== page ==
*Integrated Open Canopy is a term trademarked by the Mesoamerican Development Institute, an NGO working primarily in Honduras. They couple IOC farming with solar or biofuel drying methods for post-harvest processing — important to reduce deforestation for firewood typically used to fuel drying; read more here, as well as their goals and commitments at the Sustainable Coffee Challenge website.

[1] Vandermeer, J., D. Jackson, I.Perfecto. 2014. Qualitative dynamics of the coffee rust epidemic: Educating intuition with theoretical ecology. BioScience 64: 210—218. doi.org/10.1093/biosci/bit034

[2] Arce, V.J.C., Raudales, R., Trubey, R., King, D.I., Chandler, R.B., Chandler, D.C., 2009. Measuring and managing the environmental cost of coffee production in Latin America. Conservation and Society 7: 141-144.

[3] Chandler, R.B., King, D.I., Raudales, R., Trubey, R., Arce, V.J., 2013. A small-scale land-sparing approach to conserving biological diversity in tropical agricultural landscapes. Conservation Biology 27: 785-795.

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Revised on March 8, 2021

Posted in Birds and other biodiversity,Certifications,Coffee and the environment

Coffee berry borer update

by JulieCraves on October 26, 2020

The coffee berry borer (CBB, Hypothenemus hampei) is one of the most serious pests of coffee. The larvae of this beetle, which is native to Africa, live and feed exclusively on coffee beans. It has spread to coffee farms across the world and despite strict monitoring and prevention measures, showed up in Hawaii a decade ago. It has since island-hopped, most recently being found on Kauai. (Coffee rust, another serious threat to coffee, has also just been found in Hawaii.)

Because it lives inside the coffee cherry and bean, detection and particularly control can be challenging. Due to intense interest in the effects of shade/sun management, biological control (including by birds), and climate change impacts on this insect, I have published a number of posts about it. Although for many years I added CBB research to my coffee bibliography, but it became rather overwhelming and it goes only into early 2016. In 2015, the Journal of Insect Science published a more comprehensive literature review on CBB, which is open access. Google Scholar can provide links to peer-reviewed papers published since that time.

Here are my other previous posts on CBB:

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Revised on May 20, 2021

Posted in Research on coffee growing

In 2017, Rainforest Alliance announced they would merge with Utz (another certification), retain the Rainforest Alliance name, and develop a new standard — the set of rules and criteria required for a product to be labeled with the Rainforest Alliance certification seal. This standard was released on 30 June 2020. Here I will summarize, as I have in the past, the criteria in the standard as it applies to coffee and specifically what it means for birds and biodiversity. I focus on the shade criteria because this is the criteria many people have in mind when they are looking for ”shade coffee“ that is eco-friendly and provides habitat for birds and other biodiversity.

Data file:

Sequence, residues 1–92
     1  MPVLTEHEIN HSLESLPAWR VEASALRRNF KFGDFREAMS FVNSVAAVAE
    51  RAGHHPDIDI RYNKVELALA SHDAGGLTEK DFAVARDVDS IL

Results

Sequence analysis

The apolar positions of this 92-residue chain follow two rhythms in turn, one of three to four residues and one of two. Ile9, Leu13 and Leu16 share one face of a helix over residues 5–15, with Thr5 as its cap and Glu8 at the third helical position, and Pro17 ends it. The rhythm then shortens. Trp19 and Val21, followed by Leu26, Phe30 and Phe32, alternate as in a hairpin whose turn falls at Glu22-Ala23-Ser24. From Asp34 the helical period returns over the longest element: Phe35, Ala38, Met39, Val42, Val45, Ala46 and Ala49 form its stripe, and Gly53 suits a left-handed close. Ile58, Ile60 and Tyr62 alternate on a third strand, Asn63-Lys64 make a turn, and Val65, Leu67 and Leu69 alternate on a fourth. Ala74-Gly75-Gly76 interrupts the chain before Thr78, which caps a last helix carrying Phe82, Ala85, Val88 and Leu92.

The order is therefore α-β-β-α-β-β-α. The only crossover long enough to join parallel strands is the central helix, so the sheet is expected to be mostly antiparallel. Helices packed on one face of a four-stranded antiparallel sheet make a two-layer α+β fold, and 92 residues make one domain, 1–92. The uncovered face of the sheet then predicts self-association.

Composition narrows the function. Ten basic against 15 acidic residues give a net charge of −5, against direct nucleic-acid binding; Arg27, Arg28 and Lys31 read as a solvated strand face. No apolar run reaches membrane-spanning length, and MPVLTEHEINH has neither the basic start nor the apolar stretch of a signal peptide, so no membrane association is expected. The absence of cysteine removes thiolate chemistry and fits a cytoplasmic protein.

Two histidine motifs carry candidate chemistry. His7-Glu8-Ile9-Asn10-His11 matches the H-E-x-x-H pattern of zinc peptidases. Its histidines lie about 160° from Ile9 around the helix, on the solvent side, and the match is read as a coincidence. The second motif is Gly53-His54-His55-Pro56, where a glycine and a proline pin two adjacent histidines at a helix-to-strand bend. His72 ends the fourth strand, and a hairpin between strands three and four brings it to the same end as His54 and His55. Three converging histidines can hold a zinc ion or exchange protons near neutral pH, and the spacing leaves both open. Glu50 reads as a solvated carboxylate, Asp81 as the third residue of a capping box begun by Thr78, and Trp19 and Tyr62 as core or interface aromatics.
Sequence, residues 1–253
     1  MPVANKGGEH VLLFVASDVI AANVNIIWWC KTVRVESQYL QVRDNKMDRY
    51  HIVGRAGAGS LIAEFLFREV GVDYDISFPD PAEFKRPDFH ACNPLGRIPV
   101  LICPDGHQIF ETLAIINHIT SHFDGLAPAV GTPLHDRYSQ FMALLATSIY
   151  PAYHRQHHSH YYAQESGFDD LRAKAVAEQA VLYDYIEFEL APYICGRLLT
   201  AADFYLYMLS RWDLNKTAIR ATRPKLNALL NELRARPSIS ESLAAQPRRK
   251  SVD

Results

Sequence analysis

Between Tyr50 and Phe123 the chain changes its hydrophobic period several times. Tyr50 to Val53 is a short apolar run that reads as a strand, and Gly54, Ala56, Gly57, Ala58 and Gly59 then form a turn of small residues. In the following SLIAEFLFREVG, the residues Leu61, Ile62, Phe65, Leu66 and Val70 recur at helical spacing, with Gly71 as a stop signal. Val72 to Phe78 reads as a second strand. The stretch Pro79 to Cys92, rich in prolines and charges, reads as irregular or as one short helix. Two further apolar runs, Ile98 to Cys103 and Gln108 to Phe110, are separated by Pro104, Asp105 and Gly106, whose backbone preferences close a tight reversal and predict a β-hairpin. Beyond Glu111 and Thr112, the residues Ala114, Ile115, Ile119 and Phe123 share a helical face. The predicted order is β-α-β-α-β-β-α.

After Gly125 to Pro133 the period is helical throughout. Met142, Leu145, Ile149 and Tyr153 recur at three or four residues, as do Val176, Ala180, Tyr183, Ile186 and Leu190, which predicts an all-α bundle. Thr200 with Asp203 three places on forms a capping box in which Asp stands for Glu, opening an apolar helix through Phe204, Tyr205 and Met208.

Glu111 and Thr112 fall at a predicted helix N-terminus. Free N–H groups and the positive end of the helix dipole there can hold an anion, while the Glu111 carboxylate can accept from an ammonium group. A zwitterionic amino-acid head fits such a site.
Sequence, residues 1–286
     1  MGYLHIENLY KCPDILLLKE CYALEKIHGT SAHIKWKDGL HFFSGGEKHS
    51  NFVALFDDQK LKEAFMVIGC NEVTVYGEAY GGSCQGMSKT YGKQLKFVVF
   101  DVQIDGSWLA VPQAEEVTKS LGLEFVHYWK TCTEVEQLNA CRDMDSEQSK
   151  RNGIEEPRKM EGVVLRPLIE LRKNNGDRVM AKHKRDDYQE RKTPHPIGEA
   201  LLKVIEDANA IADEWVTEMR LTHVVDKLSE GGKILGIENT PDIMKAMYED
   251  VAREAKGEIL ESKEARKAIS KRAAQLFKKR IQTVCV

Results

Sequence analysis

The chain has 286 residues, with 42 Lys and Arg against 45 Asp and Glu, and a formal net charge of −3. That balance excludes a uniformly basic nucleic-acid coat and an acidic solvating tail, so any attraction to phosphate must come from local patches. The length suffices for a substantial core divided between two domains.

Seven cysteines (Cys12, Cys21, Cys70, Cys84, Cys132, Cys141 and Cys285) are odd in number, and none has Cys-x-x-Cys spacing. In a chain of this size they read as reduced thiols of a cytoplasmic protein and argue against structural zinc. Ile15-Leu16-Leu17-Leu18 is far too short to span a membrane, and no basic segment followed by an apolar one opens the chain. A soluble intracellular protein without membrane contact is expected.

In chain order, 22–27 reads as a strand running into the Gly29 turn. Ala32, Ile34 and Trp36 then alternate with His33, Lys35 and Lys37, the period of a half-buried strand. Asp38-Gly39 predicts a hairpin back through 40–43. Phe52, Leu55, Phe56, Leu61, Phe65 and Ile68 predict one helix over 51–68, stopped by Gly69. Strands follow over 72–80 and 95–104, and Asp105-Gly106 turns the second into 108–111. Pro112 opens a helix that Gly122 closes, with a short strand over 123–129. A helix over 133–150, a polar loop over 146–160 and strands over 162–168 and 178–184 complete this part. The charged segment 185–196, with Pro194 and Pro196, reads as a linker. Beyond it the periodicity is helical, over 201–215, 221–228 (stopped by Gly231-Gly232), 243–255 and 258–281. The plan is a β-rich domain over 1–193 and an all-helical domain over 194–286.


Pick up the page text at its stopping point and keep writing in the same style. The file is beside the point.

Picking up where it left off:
Rainforest Alliance has followed a trajectory over the past decade to weaken the criteria for shade. By 2017, the criteria regarding shade cover for Rainforest Alliance certified coffee farms eroded to the point that this certification could no longer assure consumers that coffee was grown on a farm that has habitat for birds or other wildlife. The newest standard reaffirms this.

I’ve moved much of the background information and links to previous posts to the end of this post to reduce some redundance while still keeping much of the relevant information, even if repeated from a previous discussion, all in one place for easier reference.

The 2020 shade criteria

First, the new standard has three types of requirements:

  1. Core: Must be met for certification.
  2. Mandatory Improvement:  Need to be met within three to six years of certification. Some of these are “Mandatory Smart Meters” that are measured each year but “do not have predefined targets set by the Rainforest Alliance. Instead, the producers themselves set the targets for these indicators and define the adequate actions to take to realize these improvements.”
  3. Self-selected Improvement: “Chosen by certificate holders based on their own risk assessment or aspirations” where the ”certificate holder defines if and when to comply.” These may also have Smart Meters.

(Number 2 veers into fox-guarding-the-henhouse territory, and Number 3 seems not to actually be a requirement, by definition!)

Regarding shade specifically:

There is no Core Requirement for shade in the 2020 standard.